|Sterile necrosis + multi organ failure||Infected|
|Till 72 hours||1||1||1||1||1||1|
|Till 7 days||3||2||3||2||3||1|
|After 7 days||1||1||1||1|
|After 14 days||1||3||1||3||1||1|
|After 21 days||1||4||1||1||5|
|Together||4||4||3||7||1||7||12||5 71%||3 25%|
In Group A, it is shown more often indications to the surgical intervention in the first days and weeks of hospitalization period. Comparing Group B, mainly in the case of infected necrosis, the surgical operations were pushed to the third or fourth week. This was reflected also in the mortality of operated patients, when we recorded 71% mortality in Group A and 25% of mortality in Group B. The types of surgical procedures are documented in table 4. While during the first days we performed only the surgical revision and drainage, or open abdomen. In the case of infected necrosis we performed necrosectomy with closed continuous lavage. There are also documented the number of patients with reoperations in both groups of patients, which is less frequent in Group B.
|Primary surgery||Repeated surgery||Mortality|
|Type of surgery||A||B||A||B||A||B|
|Revision, drainage, open abdomen, jejunostomy||2||1||0||0||2||0|
|Revision, drainage, jejunostomy||1||4||1||0||0||3|
|Necrosectomy, continuous lavage||4||7||2||4||3||0|
|Together||7||12||3 (43%)||4 (33%)||5||3|
The mortality in both groups of patients is presented in the Table 5. It shows less mortality in Group B (18%). Six patients were found with non infected necrosis 46% in Group A (2003-2005), but seventeen patients were documented with non infected necrosis 58% in Group B (2006-2008).
|Number of patients||Mortality|
|Acute pancreatitis patients||97||161||7 (7.2%)||5 (3.1%)|
|Severe acute pancreatitis patients||13||29||7 (53.8%)||5 (18%)|
|Severe acute pancreatitis patients after surgery||7||12||5||3|
|Severe acute pancreatitis patients with non infected necrosis||6||17||2||2|
The comparison of the cause of the death in both groups is presented in table 6. There was statistically significant decrease in mortality in group of patients B (p=0.02).While only 2 patient’s dead for the pancreatic sepsis with multi organ failure, the remainder 10 patient’s dead for multi organ failure in first days after the admitting to hospital.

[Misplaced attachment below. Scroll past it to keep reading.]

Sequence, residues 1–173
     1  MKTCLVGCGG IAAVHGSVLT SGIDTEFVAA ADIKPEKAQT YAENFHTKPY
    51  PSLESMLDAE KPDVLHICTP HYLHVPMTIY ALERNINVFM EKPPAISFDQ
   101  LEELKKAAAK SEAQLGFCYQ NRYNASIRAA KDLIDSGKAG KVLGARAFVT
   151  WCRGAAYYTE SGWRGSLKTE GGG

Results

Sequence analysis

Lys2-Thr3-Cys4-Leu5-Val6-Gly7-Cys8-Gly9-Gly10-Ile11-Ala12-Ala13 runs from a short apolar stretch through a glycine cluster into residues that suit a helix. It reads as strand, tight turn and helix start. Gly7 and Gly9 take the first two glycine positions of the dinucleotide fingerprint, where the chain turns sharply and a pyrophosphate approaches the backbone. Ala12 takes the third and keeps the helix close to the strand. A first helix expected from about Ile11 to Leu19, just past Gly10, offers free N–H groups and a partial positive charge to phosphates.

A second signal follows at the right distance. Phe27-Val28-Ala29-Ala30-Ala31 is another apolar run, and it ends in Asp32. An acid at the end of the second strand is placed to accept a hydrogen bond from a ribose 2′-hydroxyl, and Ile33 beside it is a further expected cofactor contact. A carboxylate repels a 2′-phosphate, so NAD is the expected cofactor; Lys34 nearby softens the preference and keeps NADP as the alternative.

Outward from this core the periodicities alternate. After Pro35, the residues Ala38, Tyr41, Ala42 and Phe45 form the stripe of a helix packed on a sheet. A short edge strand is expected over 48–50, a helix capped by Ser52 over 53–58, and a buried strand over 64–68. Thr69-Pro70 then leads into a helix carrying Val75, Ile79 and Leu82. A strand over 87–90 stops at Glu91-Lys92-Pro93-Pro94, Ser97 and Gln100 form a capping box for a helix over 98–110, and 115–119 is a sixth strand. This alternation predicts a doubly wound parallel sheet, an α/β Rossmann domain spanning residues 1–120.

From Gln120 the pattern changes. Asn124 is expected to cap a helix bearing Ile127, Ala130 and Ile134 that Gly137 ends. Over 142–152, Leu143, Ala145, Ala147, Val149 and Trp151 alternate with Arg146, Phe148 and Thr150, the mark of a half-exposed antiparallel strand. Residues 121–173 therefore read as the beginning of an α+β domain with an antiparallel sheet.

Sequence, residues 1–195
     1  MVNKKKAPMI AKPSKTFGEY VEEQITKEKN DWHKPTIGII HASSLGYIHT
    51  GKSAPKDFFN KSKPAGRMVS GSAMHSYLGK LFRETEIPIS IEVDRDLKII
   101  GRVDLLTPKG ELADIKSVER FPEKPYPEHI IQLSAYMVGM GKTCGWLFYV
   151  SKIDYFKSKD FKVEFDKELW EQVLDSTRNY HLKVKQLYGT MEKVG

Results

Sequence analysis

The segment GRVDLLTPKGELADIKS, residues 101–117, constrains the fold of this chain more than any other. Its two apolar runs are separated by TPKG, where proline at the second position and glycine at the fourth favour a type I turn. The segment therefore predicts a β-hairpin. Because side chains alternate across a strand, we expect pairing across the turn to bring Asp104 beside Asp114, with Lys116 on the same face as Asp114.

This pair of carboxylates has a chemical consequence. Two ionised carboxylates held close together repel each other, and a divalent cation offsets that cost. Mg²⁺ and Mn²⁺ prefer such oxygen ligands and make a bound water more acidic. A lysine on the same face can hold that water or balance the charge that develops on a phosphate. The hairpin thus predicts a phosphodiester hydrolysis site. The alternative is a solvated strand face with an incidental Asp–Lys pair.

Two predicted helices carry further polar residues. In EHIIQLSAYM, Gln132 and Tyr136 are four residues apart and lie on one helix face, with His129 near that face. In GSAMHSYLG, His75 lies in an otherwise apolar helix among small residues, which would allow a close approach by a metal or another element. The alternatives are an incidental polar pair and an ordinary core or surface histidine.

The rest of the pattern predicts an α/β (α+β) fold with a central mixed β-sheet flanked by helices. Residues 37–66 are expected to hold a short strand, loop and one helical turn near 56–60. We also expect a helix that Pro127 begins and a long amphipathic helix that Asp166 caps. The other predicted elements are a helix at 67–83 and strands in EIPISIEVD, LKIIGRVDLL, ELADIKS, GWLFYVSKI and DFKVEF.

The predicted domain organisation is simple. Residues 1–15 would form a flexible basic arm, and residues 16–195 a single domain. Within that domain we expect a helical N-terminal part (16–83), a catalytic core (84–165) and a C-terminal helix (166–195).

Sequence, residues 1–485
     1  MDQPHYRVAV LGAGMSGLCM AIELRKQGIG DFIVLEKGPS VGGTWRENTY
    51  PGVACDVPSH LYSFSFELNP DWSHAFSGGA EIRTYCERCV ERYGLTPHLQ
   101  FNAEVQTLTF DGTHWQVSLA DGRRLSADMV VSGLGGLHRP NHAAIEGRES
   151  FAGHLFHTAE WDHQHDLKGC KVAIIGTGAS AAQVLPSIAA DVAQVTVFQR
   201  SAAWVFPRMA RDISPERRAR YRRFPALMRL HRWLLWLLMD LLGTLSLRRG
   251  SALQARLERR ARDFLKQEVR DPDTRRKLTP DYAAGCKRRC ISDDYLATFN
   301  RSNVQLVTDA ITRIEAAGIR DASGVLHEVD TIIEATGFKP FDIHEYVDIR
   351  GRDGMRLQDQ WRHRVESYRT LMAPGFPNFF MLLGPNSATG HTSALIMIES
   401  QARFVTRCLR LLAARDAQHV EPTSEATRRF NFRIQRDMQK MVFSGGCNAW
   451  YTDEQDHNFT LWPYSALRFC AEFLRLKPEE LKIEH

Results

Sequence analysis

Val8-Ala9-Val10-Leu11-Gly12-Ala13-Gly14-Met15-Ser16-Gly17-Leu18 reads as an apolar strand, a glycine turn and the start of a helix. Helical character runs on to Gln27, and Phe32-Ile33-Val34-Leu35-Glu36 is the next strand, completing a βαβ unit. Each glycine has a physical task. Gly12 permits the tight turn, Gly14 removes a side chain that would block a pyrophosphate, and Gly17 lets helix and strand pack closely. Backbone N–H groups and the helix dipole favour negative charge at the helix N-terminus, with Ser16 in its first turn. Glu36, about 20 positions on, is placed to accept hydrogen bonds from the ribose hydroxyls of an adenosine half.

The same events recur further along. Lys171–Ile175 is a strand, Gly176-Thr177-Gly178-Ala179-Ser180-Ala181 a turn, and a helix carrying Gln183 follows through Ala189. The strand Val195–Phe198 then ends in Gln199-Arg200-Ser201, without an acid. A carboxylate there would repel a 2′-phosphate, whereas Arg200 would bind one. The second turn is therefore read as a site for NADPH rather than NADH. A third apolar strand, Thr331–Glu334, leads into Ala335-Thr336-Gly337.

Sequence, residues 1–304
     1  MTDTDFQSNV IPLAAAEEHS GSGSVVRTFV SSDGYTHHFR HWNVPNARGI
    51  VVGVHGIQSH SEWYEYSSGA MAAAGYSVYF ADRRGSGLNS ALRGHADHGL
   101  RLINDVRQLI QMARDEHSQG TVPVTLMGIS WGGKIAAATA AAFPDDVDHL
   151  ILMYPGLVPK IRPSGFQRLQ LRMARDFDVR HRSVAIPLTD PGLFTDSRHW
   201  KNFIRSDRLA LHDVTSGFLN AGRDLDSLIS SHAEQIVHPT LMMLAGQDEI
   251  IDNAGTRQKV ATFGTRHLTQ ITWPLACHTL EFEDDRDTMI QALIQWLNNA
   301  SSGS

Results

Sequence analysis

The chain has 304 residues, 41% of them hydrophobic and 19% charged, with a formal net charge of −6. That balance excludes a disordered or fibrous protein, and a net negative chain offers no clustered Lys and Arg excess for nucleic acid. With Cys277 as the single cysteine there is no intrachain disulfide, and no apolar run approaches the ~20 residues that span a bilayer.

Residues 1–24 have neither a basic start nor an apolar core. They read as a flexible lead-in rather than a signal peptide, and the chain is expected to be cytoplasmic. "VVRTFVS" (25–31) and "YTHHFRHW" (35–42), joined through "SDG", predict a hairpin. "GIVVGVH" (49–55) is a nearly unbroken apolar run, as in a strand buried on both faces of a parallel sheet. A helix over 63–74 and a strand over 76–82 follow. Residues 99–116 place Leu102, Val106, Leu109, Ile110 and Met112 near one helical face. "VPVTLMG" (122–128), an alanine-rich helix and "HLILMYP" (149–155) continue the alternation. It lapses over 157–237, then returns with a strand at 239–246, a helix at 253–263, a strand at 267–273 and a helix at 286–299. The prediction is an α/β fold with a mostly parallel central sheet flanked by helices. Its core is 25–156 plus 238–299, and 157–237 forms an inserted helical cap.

|Group of patients A|
|Group of patients B|
|Number of patients||13||29||-|
|Death||7 (54%)||5 (18%)||0.02|
|Multi organ failure||6 (85%)||4 (80%)||-|
|Pancreatic sepsis||1 (15%)||1 (20%)||-|
Despite of the lasting dissatisfaction with the mortality level of the patients with severe acute pancreatitis, nevertheless during last decades as a consequence of the positive shift in diagnostic methods and treatment of acute pancreatitis, we succeeded to decrease mortality of severe acute pancreatitis patients to 10%-20% (Del Campos et al., 1998). During the last 15 years a big step was done towards the understanding and development of acute pancreatitis and at the same time the great progress in the screening methods of pancreas (Uhl et al., 2002). In line with the other authors opinions (Bank et al., 2002), taking into account own experiences, we are convinced that the decrease of the mortality was causes by an early recognition of the severe acute severe and setting up the prompt and appropriate treatment, by the improvement of the nutritional support, early endoscopic retrograde cholangiopancreatography supplied to the accurately indicated patients, and using the effective antibiotic treatment.
The International Association of Pancreatology proposed for acute pancreatitis treatment eleven recommendations (Sarr, 2003; Uhl et al., 2002), which created the framework for contemporary management of acute pancreatitis. These recommendations are based on the principles of evidence based medicine. However, in many points, there is need of further comparative studies was observed.